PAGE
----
Brussels & Waterloo

With more than one million inhabitants, the Brussels-Capital Region is made up of nineteen districts. The actual city of Brussels is much smaller and divided into two main areas. Historically the poorer area, where workers and immigrants lived, the Lower Town is centered on the splendid 17th-century Grand Place. The Upper Town, the traditional home of the aristocracy, is an elegant area that encircles the city’s green oasis, the Parc de Bruxelles. Some of the most striking buildings in this part of the city are the shiny postmodern structures of European institutions.



The geographical, historical, and commercial heart of the city, the Grand Place is the first port of call for most visitors to Brussels. A market was held on this site as early as the 11th century. During the first half of the 15th century, Brussels’ town hall, the Hôtel de Ville, was built, and city traders began to add individual guildhalls in a medley of styles. In 1695, however, two days of cannon fire by the French destroyed all but the town hall and two facades. Trade guilds were urged to rebuild their halls to designs approved by the town council, resulting in the splendid Baroque ensemble that can be seen today. Occupying the entire southwest side of the square, the Gothic Hôtel de Ville (see opposite) is the architectural masterpiece of the Grand Place. Opposite it stands La Maison du Roi (1536). Despite its name, no king ever lived here; the building was used as a temporary jail and a tax office. Redesigned in Gothic style in the late 19th century, it is now home to the Musée de la Ville, which contains 16th-century paintings and tapestries, and a collection of around 900 costumes created for the Manneken Pis. On the square’s eastern flank, the vast Neoclassical edifice known as La Maison des Ducs de Brabant was designed by Guillaume de Bruyn and consists of six former guildhalls. Facing it are Le Renard, built in the 1690s for the guild of haberdashers, and Le Cornet (1697), the boatmen’s guildhall, whose gable resembles a 17th-century frigate’s bow. Le Roi d’Espagne, also known as La Maison des Boulangers, was built in the late 17th century by the wealthy bakers’ guild. The gilt bust over the entrance represents St. Aubert, patron saint of bakers. Today, the building houses one of the Grand Place’s best-loved bars, whose first floor offers fine views of the bustling square.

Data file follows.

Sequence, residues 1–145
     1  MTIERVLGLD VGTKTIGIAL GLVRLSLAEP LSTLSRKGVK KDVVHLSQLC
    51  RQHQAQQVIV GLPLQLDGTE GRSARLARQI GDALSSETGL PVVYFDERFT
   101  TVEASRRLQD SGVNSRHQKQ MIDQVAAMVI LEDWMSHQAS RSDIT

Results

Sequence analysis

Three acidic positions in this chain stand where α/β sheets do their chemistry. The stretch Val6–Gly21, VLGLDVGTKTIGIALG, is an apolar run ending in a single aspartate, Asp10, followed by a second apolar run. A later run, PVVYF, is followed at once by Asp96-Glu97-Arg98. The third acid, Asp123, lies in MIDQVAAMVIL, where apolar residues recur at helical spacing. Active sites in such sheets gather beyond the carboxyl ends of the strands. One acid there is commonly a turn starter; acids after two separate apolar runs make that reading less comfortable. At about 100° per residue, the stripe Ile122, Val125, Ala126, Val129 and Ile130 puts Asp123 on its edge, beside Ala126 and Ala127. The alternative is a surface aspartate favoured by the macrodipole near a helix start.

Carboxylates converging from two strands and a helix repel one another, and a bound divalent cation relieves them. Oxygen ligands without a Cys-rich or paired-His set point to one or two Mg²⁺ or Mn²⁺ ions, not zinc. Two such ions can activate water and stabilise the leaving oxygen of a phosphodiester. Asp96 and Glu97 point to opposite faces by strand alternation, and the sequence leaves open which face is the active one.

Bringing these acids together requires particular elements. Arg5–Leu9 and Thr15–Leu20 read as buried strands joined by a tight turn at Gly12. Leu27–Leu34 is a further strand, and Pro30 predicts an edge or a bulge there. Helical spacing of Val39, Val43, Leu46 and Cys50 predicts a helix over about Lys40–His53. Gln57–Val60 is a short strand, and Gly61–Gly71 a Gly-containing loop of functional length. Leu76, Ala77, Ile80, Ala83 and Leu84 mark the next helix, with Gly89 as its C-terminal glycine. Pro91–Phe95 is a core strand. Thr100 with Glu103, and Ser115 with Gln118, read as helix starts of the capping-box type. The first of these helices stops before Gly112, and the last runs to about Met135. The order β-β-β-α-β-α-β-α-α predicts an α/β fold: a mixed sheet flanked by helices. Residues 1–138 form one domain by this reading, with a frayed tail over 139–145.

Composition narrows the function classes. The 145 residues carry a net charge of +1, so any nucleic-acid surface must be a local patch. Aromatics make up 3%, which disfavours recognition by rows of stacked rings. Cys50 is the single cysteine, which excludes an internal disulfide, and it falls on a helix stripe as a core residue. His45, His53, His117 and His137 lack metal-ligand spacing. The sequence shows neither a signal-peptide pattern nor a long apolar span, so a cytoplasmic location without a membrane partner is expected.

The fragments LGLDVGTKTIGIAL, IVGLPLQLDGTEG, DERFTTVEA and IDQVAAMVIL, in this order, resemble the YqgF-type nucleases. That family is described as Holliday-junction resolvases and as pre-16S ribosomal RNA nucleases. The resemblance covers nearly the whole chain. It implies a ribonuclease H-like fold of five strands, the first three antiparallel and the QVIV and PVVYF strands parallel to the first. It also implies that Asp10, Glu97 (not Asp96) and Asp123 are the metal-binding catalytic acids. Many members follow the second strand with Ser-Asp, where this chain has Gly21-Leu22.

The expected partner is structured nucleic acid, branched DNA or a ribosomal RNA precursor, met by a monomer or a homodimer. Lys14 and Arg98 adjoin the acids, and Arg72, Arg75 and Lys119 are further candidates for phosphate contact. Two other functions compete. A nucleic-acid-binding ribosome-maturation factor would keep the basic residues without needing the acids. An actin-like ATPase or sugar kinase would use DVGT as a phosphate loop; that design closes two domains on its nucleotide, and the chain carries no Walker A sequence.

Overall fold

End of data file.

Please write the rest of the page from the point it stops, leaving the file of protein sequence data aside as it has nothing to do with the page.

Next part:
Located within two 18thcentury gabled houses, this museum is dedicated to one of Brussels’ most successful exports, Belgian lace, which has been made here since the 12th century. The ground floor has a display of costumes on mannequins showing how lace has adorned fashions of every era. Upstairs is a fine collection of antique lace from France, Flanders, and Italy.


The tiny statue of a young boy relieving himself is Brussels’ most unusual sight. The original bronze statue by Jérôme Duquesnoy the Elder was first placed on the site in 1619. After it was stolen and damaged by a former convict in 1817, a replica was made and returned to its revered site. The inspiration for the statue is unknown, but the mystery only lends itself to rumor and fable and increases the little boy’s charm. One theory claims that in the 12th century, the son of a duke was caught urinating against a tree in the midst of a battle, and was thus commemorated in bronze as a symbol of the country’s military courage. When, in 1698, a city governor provided a set of clothes with which to dress the statue, he began a tradition that is still observed today. Visiting heads of state donate miniature versions of their national costume for the boy, and now a collection of 900 outfits, including an Elvis suit, can be seen in the Musée de la Ville.